Learning to Sing

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Science  21 Dec 2007:
Vol. 318, Issue 5858, pp. 1835
DOI: 10.1126/science.318.5858.1835a

For full expression, language depends on an interplay between cognitive and motor skills. For example, people with a rare genetic form of developmental verbal dyspraxia have difficulty learning and producing the intricate, coordinated series of muscle movements necessary for speech, a result of a mutation in a brain transcription factor called FOXP2. In songbirds, this same protein is found in a brain region—area X—that is essential for the acquisition of the birds' characteristic song, which they learn under the close tutelage of an adult bird.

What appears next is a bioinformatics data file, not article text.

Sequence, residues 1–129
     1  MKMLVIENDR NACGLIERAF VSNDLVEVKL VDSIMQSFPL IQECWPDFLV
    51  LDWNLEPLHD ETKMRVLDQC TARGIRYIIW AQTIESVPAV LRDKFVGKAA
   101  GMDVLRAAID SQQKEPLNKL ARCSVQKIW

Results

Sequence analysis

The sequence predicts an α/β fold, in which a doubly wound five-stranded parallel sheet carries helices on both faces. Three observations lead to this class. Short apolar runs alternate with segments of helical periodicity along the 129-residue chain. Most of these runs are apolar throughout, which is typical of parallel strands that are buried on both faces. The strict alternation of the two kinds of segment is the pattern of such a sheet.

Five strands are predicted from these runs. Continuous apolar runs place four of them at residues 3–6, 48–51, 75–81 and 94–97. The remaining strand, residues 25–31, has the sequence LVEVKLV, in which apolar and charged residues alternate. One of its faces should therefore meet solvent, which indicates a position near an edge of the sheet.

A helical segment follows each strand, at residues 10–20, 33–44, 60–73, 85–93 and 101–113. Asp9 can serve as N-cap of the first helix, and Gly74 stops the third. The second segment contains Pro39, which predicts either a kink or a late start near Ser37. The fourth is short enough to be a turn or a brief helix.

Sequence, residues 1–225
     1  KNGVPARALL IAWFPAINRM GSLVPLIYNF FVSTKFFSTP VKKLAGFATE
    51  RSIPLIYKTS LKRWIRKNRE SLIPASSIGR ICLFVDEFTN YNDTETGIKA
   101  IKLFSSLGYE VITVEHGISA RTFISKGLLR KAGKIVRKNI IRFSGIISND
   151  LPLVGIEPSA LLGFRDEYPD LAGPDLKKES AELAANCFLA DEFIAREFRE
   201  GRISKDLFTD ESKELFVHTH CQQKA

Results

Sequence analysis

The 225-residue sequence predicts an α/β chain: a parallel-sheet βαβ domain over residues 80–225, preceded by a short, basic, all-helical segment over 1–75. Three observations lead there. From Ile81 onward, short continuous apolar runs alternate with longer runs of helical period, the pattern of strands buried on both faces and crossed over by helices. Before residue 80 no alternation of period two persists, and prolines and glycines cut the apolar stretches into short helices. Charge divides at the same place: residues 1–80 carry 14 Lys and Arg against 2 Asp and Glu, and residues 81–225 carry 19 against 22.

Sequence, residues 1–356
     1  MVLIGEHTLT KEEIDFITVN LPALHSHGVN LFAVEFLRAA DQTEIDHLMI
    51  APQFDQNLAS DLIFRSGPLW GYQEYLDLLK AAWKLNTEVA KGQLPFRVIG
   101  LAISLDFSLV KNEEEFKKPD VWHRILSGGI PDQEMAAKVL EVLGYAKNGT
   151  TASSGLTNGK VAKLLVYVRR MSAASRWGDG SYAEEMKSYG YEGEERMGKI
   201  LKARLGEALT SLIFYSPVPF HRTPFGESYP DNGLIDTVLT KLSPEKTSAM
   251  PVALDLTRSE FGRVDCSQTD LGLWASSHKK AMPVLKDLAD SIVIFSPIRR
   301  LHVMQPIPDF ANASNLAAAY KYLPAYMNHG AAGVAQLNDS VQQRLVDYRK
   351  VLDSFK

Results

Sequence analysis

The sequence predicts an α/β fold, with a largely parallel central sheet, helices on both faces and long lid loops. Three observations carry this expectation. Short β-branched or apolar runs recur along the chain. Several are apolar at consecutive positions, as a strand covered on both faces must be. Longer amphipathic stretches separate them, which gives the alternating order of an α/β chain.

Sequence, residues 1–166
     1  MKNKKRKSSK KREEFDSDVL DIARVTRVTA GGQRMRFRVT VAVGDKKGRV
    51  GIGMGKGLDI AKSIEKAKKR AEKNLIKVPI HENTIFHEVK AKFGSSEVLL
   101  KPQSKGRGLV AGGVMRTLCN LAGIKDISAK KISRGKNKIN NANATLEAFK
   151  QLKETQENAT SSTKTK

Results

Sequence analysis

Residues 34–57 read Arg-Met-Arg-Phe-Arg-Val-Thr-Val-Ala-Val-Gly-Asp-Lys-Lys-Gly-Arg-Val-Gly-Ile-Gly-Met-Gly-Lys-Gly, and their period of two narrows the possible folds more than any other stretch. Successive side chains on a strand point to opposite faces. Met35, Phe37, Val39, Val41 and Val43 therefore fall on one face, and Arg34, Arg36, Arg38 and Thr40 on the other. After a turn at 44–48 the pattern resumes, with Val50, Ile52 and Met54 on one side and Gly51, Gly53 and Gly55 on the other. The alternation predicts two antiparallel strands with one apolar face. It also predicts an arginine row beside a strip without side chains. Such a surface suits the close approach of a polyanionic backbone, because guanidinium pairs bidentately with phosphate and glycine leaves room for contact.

Haesler et al. tested whether a deficit in FoxP2 would also produce communication deficits in zebra finches. They injected into area X a lentivirus vector carrying RNA interference sequences from FoxP2, which reduced FoxP2 mRNA by 70%. After the 2-month tutoring period, the treated birds' songs—normally a stereotyped series of syllables that remains stable throughout adulthood—were missing syllables and contained inappropriately repeated segments (errors similar to those of humans with dyspraxia). Some of the sounds were also poor copies of their tutor's original. Thus, without sufficient FoxP2, normal developmental motor learning could not take place. The authors speculate that FoxP2 is necessary for structural and functional changes in area X neurons as birds learn their songs. — KK

PLoS Biol. 5, e321 (2007).

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